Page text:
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Ask HN: What do you think about the no-code movement?
348 points by arrayjumper 67 days ago | hide | past | favorite | 395 comments
Hi HN, maybe it's just the bubble I'm in but these days I see a lot of discussion around "no-code" and the "no-code" movement. There's also a bunch of new no-code apps being launched every day - https://www.producthunt.com/topics/no-code#order=trending.

Some seem to supplement developers (eg: retool) and some empower non-engineers to be able to build websites/apps/integrations without necessarily having a developer in the loop (eg: shopify/zapier/airtable).

What do you think about this movement? Clearly these apps/platforms enable non-developers to solve a bunch of problems which would otherwise need a software engineer. Is this a paradigm shift?

It's interesting, but always calibrate their claims against the fact this is about the tenth time this movement has come around. This movement literally goes back to COBOL. That is not a typo. It's not only likely older than you are, but probably much older than you are.

I recognize COBOL may not seem like "no-code", but that's just because "no-code" is a stupid label. "No-code" doesn't mean "no code" just like "serverless" still runs on a server.

I would say the main problem with the no-code hype is the idea that it is a leader. It is not. It is a follower. "Normal" code goes out, hammers things out over the course of literally decades, and then, when it has finally settled what the best couple of ways to do something is, it's finally time for the "no code" solutions to come in and systematize that for a larger audience. Nothing wrong with that. Power to the people and all that.

It just goes wrong when no-code advocates put the cart in front of the horse and make grandiose claims about replacing all developers or something. That's not the direction the stream flows in. No-code can't operate without the "normal" developers doing immense amounts of work charting the territory and building the infrastructure to get there. There is no chance of them displacing "normal" software developers; they are structurally incapable of it. Woe unto the no-code startup that doesn't understanding this dynamic, and foolishly tries.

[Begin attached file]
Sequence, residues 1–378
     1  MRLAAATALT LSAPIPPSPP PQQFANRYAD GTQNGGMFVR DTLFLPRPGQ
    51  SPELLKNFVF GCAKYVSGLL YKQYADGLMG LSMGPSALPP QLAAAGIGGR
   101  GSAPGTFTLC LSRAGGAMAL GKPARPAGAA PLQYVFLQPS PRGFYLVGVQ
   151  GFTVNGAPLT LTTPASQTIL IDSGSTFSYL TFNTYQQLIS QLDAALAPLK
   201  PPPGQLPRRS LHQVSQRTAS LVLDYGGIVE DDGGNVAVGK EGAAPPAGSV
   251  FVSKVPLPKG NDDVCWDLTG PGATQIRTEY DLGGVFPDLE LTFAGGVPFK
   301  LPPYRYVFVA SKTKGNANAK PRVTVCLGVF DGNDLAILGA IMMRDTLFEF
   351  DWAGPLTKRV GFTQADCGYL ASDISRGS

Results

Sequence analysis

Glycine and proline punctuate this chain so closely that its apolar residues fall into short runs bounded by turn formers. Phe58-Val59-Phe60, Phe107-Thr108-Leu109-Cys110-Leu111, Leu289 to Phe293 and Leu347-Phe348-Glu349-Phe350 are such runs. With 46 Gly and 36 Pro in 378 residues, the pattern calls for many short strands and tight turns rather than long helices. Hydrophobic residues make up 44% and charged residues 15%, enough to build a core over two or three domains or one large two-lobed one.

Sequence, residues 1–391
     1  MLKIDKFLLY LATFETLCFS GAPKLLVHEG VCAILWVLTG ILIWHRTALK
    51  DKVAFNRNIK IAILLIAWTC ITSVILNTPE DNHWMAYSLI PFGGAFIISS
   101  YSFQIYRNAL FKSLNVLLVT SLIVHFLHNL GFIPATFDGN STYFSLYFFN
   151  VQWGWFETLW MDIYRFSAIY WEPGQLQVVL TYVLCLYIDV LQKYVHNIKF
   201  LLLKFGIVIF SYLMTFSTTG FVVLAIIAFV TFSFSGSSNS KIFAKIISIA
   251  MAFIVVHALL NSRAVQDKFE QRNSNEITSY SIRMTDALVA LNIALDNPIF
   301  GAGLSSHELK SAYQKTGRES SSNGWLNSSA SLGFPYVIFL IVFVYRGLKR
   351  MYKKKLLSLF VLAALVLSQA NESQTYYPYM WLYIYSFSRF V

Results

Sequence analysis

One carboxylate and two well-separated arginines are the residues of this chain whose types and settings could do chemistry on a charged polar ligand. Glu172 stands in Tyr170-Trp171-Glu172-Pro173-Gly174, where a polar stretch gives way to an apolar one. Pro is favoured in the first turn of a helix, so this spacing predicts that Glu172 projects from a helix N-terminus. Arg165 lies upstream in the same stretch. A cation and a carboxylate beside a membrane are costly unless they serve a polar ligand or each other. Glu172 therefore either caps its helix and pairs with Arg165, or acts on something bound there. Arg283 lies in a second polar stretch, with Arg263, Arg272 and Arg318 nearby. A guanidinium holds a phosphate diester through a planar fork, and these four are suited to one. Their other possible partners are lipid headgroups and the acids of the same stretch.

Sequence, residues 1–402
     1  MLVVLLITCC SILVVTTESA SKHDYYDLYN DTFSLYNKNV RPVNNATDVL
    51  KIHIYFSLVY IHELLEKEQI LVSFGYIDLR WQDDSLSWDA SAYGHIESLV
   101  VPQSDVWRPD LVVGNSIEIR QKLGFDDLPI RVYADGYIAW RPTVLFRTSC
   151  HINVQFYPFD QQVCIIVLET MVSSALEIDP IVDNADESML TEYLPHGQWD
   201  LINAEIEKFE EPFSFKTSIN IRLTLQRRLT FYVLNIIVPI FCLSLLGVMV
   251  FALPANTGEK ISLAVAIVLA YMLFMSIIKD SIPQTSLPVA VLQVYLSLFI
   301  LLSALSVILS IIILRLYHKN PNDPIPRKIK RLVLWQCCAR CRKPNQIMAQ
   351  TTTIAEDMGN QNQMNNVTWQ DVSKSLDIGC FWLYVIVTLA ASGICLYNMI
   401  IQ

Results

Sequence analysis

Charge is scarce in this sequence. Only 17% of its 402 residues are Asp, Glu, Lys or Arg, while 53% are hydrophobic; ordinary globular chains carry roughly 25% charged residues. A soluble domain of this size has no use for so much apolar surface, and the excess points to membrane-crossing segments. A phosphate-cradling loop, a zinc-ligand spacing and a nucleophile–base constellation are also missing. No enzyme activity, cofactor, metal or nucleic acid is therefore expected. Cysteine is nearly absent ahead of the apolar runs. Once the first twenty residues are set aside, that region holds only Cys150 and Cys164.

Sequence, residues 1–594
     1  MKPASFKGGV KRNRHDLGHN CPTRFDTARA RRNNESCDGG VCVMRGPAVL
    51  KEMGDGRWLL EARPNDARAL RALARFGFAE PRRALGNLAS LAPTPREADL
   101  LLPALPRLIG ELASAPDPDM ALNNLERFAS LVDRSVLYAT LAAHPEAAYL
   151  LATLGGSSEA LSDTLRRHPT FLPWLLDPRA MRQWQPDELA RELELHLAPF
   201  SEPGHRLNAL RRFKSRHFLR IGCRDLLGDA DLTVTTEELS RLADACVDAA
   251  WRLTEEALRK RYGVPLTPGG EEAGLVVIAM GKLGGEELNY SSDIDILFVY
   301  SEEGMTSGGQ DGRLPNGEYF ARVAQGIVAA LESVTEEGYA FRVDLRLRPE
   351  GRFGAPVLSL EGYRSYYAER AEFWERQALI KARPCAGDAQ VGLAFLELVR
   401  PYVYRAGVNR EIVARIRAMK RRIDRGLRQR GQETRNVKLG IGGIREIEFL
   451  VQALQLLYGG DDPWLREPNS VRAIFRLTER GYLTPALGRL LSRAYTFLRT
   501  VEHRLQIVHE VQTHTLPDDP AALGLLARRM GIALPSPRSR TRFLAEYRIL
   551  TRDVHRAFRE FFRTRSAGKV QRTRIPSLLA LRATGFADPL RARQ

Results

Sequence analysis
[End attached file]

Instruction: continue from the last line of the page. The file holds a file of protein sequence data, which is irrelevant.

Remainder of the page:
Things we agree on: ignore everything no-code proponents say about their tools or capabilities

Things we disagree on: code before no code

My experience has been that actual code is always superior* to no-code, because no-code is always more complex. E.g. the no-code developer environment + code (in whatever designer form) + interpreter / runtime / libraries + any integrations + actual generated code.

Consequently, business critical functions should be in actual code, if it's an option.

So where and why to use no-code?

As a prototyping tool, no-code before code, because it inverts the pyramid (few developers, many users) by making users into prototyping developers, and it makes the best use of scarce resources (code developer time).

No-code written by users allows you to waste user time figuring out all the things that are typically missing in a business spec, without wasting developer time. Then, when they've figured out exactly what they want (because it works!), developers can come back and do exactly that.